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4 February, 15:41

Which was most likely reason for a person in colonial America to work as an indentured seravnt?

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  1. 4 February, 16:47
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    With passage to the Colonies expensive for all but the wealthy, the Virginia Company developed the system of indentured servitude to attract workers ... The Thirty Year's War had left Europe's economy depressed, and many skilled and unskilled laborers were without work.
  2. 4 February, 17:14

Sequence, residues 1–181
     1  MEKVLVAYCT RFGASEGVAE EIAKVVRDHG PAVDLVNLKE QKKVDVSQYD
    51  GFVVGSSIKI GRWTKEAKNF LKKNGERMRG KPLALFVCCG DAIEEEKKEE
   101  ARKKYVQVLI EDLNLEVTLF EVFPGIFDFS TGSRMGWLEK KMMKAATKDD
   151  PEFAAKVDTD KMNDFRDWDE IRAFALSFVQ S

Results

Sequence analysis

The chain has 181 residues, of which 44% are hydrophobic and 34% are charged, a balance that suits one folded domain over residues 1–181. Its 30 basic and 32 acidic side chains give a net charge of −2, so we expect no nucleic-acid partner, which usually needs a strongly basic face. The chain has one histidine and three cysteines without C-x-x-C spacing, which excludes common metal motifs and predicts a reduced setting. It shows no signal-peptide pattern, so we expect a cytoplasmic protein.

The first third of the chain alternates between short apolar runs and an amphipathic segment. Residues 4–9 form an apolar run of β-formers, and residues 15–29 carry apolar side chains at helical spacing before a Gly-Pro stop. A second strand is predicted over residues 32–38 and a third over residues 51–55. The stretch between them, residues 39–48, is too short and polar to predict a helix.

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    Well, they agreed to work for a certain number of years in exchange for transportation to Virginia and, once they arrived, food, clothing, and shelter was given to them. Adults usually served for four to seven years and children sometimes for much longer, with most working in the colony's tobacco fields. With a long history in England, indentured servitude became, during most of the seventeenth century, the primary means by which Virginia planters filled their nearly inexhaustible need for labor. At first, the Virginia Company of London paid to transport servants across the Atlantic, but with the institution of the head right system in 1618, the company enticed planters and merchants to incur the cost with the promise of land. As a result, servants flooded into the colony, where they were greeted by deadly diseases and often-harsh conditions that killed a majority of newcomers and left the rest to the mercy of sometimes-cruel masters. The General Assembly passed laws regulating contract terms, as well as the behavior and treatment of servants. Besides benefiting masters with long indentures, these laws limited servant rights while still allowing servants to present any complaints in court. By the end of the seventeenth century, the number of new servants in Virginia had dwindled, and the colony's labor needs were largely met by enslaved Africans.
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